Exploration Mysteries: Plain of Jars

Once upon a time, giants roamed the foothills of the Xiangkhoang Plateau in Laos. Their king, the legendary Khun Jeuam, created a plain of huge stone jars to celebrate his victory over mortal enemy Chao Angka in a brutal battle. In these jars, he stored rice wine for the festivities. Or so the legend says.

The Plain of Jars is a unique megalithic site. Its origin and purpose remain an enigma.

The jars

There are more than 90 sites and over 2,000 jars, each differing in size and age. Each site has approximately 400 jars, ranging from one to three meters in height and one meter wide. They weigh up to 14 tons. While some jars are made of one type of stone, others are a mix of five (coral limestone, granite, sandstone, conglomerate, and breccia). The stones also contain minuscule bits of animals. 

Some of the jars date to as early as 660 BC and accompanying artifacts date to the 8th century AD. The difference in ages has puzzled historians.

The jars are not the only items of interest on the plain. Researchers have uncovered large stone discs, grave markers, human remains, and metal tools like axes, beads, and glass. The stones most likely had lids at some point.

But who put them there? There are no indications that people resided here.

The Plain of Jars

The Plain of Jars. Photo: Shutterstock


Purpose and theories

French archaeologist Madeleine Colani made the first major archaeological study of the Plain of Jars in 1930. She made a plethora of finds, from odd organic materials to human bones. She theorized that the site was a massive funerary site or crematorium.

There is considerable evidence to support Colani’s theory. The much larger jars were likely used as crematoriums because of the presence of burnt human remains and charcoal. This could be linked to ancient Laotian and Cambodian traditions where the bodies of elite members of society were placed in large urns to aid the soul’s journey through the afterlife. According to Ancient Origins, the majority of the human remains were women and children. 

A quarry located almost 100km away seems to be the source of the rock used to make the jars. This means that the jars were carved and carried to the site. This is a common characteristic of megalithic and neolithic stone monuments around the world. This might also suggest that the builders could have traveled on pilgrimages to the area, to bury their dead or worship their ancestors.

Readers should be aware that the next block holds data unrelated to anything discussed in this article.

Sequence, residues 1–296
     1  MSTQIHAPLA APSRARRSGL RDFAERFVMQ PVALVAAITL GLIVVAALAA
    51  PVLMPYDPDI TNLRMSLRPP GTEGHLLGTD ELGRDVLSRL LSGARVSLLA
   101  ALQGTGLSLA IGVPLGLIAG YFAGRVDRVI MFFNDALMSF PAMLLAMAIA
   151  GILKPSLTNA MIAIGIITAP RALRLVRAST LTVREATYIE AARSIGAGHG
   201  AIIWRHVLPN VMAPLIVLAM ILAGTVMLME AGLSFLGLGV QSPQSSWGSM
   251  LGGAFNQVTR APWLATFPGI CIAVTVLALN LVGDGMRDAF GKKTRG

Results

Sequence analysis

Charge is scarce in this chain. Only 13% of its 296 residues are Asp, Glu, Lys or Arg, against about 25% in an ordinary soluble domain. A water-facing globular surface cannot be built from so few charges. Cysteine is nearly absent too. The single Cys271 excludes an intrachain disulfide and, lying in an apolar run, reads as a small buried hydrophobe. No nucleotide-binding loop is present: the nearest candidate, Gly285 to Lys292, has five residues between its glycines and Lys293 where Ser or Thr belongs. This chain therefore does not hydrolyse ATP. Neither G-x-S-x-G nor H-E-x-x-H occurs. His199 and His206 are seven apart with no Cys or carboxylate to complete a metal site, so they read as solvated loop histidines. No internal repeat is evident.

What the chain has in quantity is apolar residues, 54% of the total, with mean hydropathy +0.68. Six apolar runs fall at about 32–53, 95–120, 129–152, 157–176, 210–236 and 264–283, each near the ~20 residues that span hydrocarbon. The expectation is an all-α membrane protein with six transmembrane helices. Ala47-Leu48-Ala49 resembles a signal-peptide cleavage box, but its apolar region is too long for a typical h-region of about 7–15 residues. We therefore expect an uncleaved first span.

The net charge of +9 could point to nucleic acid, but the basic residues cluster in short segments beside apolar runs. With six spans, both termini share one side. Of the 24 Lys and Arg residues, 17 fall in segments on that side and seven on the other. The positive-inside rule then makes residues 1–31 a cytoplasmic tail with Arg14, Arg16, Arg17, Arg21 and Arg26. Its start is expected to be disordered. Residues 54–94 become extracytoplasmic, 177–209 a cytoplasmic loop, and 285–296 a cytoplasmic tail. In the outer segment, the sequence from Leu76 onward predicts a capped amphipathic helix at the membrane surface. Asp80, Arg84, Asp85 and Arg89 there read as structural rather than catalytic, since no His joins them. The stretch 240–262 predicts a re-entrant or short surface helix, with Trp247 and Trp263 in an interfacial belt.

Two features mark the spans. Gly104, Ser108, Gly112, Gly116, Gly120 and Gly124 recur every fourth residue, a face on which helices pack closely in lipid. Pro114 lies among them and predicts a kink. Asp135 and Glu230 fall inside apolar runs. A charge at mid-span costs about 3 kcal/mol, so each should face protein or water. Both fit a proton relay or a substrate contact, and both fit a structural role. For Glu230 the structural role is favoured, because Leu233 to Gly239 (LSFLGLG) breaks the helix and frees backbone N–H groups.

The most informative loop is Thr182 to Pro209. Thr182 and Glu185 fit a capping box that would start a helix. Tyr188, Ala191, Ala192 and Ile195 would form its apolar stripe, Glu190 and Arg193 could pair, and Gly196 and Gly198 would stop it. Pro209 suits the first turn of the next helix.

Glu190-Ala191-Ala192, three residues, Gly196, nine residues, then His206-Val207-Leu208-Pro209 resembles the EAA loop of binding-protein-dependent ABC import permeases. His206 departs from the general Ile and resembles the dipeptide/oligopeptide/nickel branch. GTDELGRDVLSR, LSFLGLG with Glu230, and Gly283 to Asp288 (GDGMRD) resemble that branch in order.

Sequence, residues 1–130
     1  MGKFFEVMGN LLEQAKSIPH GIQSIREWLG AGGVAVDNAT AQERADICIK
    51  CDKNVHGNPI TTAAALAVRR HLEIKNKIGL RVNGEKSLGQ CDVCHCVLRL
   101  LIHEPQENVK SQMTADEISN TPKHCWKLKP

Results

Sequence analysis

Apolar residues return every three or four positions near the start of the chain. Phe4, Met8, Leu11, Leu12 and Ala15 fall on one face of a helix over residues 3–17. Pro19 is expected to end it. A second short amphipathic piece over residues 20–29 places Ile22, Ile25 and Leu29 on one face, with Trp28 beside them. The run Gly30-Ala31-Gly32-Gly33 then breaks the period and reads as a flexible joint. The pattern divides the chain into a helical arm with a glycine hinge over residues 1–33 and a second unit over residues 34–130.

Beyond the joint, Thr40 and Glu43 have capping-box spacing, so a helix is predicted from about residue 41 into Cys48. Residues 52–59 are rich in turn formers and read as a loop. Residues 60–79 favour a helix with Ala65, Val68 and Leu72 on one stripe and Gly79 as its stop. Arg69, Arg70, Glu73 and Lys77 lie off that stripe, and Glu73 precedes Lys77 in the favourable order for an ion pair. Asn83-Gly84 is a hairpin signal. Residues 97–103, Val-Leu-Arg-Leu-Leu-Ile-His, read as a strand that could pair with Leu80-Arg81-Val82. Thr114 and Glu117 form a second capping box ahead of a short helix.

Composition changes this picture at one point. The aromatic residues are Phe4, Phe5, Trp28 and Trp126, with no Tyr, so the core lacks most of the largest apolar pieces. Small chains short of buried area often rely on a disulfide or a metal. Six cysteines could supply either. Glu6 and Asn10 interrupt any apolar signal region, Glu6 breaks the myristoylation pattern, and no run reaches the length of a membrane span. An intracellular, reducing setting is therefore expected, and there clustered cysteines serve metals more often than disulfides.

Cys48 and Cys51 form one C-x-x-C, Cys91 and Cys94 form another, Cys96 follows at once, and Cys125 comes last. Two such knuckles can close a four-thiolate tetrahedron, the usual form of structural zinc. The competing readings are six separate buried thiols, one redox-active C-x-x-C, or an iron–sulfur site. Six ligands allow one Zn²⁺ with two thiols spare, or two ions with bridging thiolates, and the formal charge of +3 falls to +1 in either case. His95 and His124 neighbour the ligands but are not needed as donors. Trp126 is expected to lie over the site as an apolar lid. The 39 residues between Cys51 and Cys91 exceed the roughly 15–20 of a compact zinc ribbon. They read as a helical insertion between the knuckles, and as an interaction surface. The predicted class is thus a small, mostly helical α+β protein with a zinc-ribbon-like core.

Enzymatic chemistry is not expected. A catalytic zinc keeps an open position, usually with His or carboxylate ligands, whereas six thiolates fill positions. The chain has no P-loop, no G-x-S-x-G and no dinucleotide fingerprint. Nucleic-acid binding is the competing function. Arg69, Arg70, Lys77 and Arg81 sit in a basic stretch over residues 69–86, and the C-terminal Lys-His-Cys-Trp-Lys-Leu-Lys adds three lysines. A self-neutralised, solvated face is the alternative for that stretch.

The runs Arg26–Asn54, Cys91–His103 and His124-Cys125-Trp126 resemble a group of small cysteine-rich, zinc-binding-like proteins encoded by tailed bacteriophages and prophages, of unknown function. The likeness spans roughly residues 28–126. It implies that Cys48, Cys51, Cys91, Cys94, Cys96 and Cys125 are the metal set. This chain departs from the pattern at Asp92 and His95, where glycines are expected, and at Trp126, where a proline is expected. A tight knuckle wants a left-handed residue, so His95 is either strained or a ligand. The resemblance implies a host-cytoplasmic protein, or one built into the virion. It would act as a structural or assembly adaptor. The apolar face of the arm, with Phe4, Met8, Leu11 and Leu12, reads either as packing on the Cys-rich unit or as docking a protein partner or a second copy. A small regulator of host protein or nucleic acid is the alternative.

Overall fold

Other academics theorize that the jars might have been kilns, distilling apparatus, or food collection jars. In 1994, a team proposed the site may have been symbolic, with no practical use. 

There is some evidence to suggest that the area was part of a wider trading network. Other similar sites can be found in India and Vietnam. The Xiangkhoang Plateau area of Laos is rich in salt, which may have been its main trade. If the trade route theory is correct, the jars would have stored goods. 

Or perhaps the Plain of Jars was a multi-purpose site. It is not uncommon for structures from this period to have many purposes. For example a temple, burial site, and gathering space rolled into one.

Jars and bombs

If you wish to visit the Plain of Jars, proceed with caution. The U.S. dropped more than 2.5 million tons of ordnance on Laos during the Vietnam War (or as the Vietnamese call it, the American War). The area around the Plain of Jars could house thousands of undetonated bombs.

Sadly, these unexploded bombs still kill people most years. More than 1,000 people were killed or injured in Laos between 2008, when the Laos government first began compiling data, and 2022. Therefore, when visiting the Plain of Jars, you should only walk in permitted zones and on marked pathways.

Plain of Jars at sunset.

Plain of Jars at sunset. Photo: Shutterstock


For some, the Plain of Jars has become synonymous with devastation and political strife. Taken from Voices from the Plain of Jars by Fred Branfman, a villager explains: “No people had ever escaped the fate of the Plain of Jars. It had risen, died, and been reborn again. None escape such cycles, perhaps not even those who destroyed the plain and did not care to remember, let alone do anything about it. A law of life beyond human purpose or understanding. So deeply lawful. So deeply comforting. So deeply peaceful.”

Kristine De Abreu

Kristine De Abreu is a writer at ExplorersWeb.

Kristine has been writing about Science, Mysteries and History for 4+ years. Prior to that, Kristine studied at the University of Leicester in the UK.

Based in Port-of-Spain, Kristine is also a literature teacher, avid reader, hiker, occasional photographer, an animal lover and shameless ramen addict.